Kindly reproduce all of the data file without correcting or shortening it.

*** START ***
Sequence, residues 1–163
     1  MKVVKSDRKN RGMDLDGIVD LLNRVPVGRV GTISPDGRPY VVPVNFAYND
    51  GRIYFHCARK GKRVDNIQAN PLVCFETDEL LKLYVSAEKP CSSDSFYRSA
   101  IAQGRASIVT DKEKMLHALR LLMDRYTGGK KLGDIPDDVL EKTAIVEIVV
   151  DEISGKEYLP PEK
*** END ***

Sequence, residues 1–163
     1  MKVVKSDRKN RGMDLDGIVD LLNRVPVGRV GTISPDGRPY VVPVNFAYND
    51  GRIYFHCARK GKRVDNIQAN PLVCFETDEL LKLYVSAEKP CSSDSFYRSA
   101  IAQGRASIVT DKEKMLHALR LLMDRYTGGK KLGDIPDDVL EKTAIVEIVV
   151  DEISGKEYLP PEK